Nigeria’s longest bridge, and the second longest in Africa, one of the busiest on the continent, that connects the mainland and the two islands of Victoria Lagos and Lagos Islands, the Third Mainland Bridge, is now partially shut down, for what the federal government said is long overdue repair works to be carried out. The closure will last for six months taking people who use the bridge into the New Year, 2021 during which time they are expected to make their way through alternative routes.
The repair works are being midwifed by the Federal Ministry of Works and Housing under Babatunde Raji Fashola, former governor of Lagos State, which, responding to the clamours of the many commuters who reported some noticeable cracks and vibrations, indicated the necessity for urgent attention on the high vehicle traffic bridge.
The 11.8 kilometres bridge, whose closure began in the darkly hours of Friday, July 24, 2020, on the directive of the government, has raised concerns on salient issues concerning commuters experiences plying other routes which have been provided as alternative by the Lagos government, in its effort to ensure seamless movement and safety of Lagosians commuting to and fro the islands for their businesses in the face of the closure.
What is likely to become news under the circumstance, is impact the closure is likely to have on manpower/employee and business’ productivity in the long six months the state is going to experience from losing the use of the Third Mainland Bridge for vehicular and human commute; the heavy impact it could have on businesses and firms located on the island, especially arising in form of loss of business and customers who trust their products and services but who will become frustrated with the gridlocks that will arise on the alternative routes. This is besides the hike in transport fares that will arise from traffic jams that will drastically reduce journey turnover of transporters, hence the resort to increasing fares.
There is the broader impact on the economy of Lagos, and invariably Nigeria, considering the fact that Lagos is the major contributor to Nigeria’s VAT pool, observed Uche Uwaleke, a professor of finance and capital markets at Nassarawa State University, in response to Business A.M.’s questions seeking his views on the economic implication of the closure of the Third Mainland Bridge.
The bridge is closed despite the high daily vehicular traffic
The decision to partially close the bridge for six months may have been seen as the simplest option by many. This position is hinged on plans by the government to ensure the bridge is safe and hitch-free when commuters are on it.
However, though, the scheduled rehabilitation works on the bridge, currently ongoing, is to make sure that the main transportation facility linking the island to the mainland, the anticipated impact on movement by the bridge’s closure on all and varied has involved careful observation considering the statistic that over 180 thousand vehicles ply the bridge daily, thus, making the bridge the busiest road within the country.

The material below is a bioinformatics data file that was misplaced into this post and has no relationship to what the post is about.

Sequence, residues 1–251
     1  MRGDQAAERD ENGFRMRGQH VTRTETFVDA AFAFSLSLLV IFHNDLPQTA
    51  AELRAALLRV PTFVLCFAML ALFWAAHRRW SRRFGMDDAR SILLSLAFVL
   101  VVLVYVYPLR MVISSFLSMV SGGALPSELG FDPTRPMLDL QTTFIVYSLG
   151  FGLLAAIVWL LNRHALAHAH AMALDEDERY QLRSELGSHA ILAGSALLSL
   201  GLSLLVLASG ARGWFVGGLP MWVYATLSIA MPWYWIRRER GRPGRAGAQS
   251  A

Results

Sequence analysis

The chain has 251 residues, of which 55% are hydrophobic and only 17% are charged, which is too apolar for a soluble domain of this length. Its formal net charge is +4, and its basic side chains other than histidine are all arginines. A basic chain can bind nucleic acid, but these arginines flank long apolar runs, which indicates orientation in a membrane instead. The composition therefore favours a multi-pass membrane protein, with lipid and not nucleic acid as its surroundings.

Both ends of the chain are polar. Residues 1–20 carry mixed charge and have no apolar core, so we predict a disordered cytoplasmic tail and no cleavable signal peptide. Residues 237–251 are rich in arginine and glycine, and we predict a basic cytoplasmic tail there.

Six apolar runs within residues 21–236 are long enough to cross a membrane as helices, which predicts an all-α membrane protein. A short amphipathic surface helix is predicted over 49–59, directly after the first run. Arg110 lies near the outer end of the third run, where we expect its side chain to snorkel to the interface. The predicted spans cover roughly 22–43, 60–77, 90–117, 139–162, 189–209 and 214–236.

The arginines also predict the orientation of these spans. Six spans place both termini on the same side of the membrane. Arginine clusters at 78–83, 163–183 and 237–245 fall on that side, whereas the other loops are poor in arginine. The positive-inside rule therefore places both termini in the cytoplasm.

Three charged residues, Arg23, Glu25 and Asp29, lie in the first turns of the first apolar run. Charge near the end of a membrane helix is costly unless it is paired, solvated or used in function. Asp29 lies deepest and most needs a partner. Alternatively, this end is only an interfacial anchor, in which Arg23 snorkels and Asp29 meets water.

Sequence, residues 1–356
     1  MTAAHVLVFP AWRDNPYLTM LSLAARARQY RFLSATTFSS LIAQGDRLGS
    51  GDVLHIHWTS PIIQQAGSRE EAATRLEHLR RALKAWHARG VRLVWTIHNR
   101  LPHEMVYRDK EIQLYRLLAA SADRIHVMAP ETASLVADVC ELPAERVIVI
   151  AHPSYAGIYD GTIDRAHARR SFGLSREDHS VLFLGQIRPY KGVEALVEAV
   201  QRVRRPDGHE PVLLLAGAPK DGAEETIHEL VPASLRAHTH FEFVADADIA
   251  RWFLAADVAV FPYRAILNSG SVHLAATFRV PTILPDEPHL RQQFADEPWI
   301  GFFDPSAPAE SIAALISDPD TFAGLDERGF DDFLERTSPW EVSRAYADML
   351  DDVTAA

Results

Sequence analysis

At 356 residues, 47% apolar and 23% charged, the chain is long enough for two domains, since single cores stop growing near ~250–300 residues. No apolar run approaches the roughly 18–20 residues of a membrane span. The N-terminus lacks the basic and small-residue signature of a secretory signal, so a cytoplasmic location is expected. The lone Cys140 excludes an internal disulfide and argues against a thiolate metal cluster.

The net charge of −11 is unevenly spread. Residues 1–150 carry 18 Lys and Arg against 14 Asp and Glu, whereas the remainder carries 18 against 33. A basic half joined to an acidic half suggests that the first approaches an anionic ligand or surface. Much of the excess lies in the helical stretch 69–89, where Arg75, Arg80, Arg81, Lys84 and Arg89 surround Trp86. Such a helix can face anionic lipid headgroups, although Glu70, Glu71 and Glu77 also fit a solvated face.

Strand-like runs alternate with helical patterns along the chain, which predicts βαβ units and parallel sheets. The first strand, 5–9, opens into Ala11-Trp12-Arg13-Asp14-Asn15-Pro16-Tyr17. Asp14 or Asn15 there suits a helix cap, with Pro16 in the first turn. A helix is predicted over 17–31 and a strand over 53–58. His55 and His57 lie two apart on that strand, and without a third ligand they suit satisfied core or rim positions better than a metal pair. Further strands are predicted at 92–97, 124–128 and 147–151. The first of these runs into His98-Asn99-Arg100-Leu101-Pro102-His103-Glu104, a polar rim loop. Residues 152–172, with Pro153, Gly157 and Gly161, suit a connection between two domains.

Uche Uwaleke, a professor of finance and capital markets at Nasarawa State University and a fellow of the Institute of Chartered Accountants of Nigeria (ICAN), told Business A.M. in response to questions that it was better late than never.
“The plan may be a welcome development for a megacity with decaying infrastructure. Not maintaining a critical infrastructure as the Third Mainland Bridge also has its own consequences, perhaps deadlier than the inconvenience the temporary closure will cause,” Uwaleke said.
Babatunde Fashola, minister of works and housing, in a briefing before the shutdown of the bridge proposed that the remedial works, which shall be administered on the bridge, would be phased, with each stage having a length of 3.5 kilometres each till the 11.8 kilometres get completed for the six-month duration.
“The construction of the bridge spanned three decades and we cannot afford to rebuild it if we allow it to collapse. Infrastructure must be maintained. After the work is completed, we’ll have a far better driving experience on the bridge,” Fashola said, adding that the sum of N277 billion was going to be needed to rehabilitate all the 37 bridges nationwide.
Impact of shutdown: Commuters, businesses, Lagos economy
The shutdown of the busiest bridge in Nigeria will bring in its wake consequences for commuters, businesses and the economies of Lagos and the country as a whole. Hundreds of thousands of commuters who use the bridge each way have been bracing themselves up for the consequences that will hit them in the often chaotic roads of Lagos, now that they have to seek out alternative routes to get either to their places of work or to conduct their trade or business.
“I consider the pains and the economic costs associated with the closure as the price to pay for the inability of governments over the years to expand the stock of infrastructure in the country. Reminds one of the inconvenience people went through when the government decided to rehabilitate the only runway at the Nnamdi Azikiwe Airport in a facility that should have more than one.